1. Hard to argue with the gold safety net in a downturn. I understand the function, but it’s hard to separate the prepper ideal until one sees a graph like those you displayed so compellingly.

    1. A better safety net would be the owning the VIX. You can actually make money in a downturn with the VIX because of the leverage, but the cost of owning the VIX is prohibitive as an investment. It’s basically an options play and options have expiration dates. You can buy GLD when it’s cheap, and going forward it’s cheap to own. I don’t believe in prepper dogma of owning physical gold, because it’s not portable and the redemption charge might be enormous. Physical gold is only worth what someone will give you for it on the day of redemption, and if you’re a man in need of hamburgers you’re likely to get held up. The point of the article is to sell high and to sell high you need to own something that is not in the toilet. That’s the safety non-correlated diversity provides.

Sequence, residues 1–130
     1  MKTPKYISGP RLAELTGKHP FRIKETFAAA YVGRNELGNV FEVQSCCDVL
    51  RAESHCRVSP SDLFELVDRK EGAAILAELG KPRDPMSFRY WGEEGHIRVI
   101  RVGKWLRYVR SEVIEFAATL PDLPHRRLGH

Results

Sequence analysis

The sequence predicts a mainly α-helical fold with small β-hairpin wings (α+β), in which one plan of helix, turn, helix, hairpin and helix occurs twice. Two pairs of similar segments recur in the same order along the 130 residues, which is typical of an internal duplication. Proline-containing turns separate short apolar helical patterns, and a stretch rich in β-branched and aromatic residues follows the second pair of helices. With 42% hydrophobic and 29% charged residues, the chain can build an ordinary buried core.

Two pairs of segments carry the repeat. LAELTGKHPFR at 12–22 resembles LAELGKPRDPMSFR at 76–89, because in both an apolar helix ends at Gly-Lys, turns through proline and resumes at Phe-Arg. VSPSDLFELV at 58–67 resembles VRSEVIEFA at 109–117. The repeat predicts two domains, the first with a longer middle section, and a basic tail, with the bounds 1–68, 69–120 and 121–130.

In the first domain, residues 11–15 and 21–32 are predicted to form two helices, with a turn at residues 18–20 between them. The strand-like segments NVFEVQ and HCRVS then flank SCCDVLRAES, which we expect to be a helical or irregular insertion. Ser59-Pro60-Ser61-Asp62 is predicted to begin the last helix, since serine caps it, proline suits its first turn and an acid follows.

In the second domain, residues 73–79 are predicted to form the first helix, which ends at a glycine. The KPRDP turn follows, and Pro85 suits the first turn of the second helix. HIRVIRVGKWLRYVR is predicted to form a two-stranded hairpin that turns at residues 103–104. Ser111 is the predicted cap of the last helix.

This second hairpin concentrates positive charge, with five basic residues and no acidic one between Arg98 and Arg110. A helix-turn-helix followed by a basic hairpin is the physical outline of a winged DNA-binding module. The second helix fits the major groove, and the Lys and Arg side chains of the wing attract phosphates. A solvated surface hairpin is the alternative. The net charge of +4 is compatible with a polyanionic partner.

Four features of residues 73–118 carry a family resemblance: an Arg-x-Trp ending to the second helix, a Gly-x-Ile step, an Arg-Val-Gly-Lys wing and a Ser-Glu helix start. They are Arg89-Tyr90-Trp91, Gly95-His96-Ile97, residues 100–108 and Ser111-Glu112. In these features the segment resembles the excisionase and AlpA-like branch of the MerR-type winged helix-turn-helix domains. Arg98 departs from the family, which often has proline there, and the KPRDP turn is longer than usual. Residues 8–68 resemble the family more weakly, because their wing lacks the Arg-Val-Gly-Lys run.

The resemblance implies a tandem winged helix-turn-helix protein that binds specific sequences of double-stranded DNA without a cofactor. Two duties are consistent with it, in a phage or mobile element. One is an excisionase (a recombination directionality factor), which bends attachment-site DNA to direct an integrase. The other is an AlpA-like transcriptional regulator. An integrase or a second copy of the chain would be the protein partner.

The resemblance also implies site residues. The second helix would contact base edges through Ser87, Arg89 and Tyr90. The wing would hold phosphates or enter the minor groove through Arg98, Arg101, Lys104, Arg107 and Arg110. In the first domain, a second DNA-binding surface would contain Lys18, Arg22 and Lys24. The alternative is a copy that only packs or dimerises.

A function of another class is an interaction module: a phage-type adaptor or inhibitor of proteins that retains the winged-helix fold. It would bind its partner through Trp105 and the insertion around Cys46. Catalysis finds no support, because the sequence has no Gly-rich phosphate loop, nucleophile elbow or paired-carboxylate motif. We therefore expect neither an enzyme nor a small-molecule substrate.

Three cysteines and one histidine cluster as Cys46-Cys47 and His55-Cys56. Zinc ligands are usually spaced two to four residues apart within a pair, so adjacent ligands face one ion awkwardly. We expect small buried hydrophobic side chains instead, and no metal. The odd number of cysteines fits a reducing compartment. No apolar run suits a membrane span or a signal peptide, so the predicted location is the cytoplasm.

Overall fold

2. I showed a colleague this post and he had a question I wanted to pass along.

    What is your opinion about owning direct physical gold versus these ETFs/shares?

    Are these funds fully backed by the amount of gold they own? (if “run on bank” occurs would there be an issue with GLD for example)?

    1. GLD owns the gold. There are other ways to play this one is to own gold miners or the actual metal. The way I look at it If I need the metal I actually need bullets more than gold. Gold metal is hard to sell and the dealer gets his %. If you think William DuVane is going to get market price for his gold bars think again. Is there default risk? Yes, if we get hit by a meteor I’m hosed.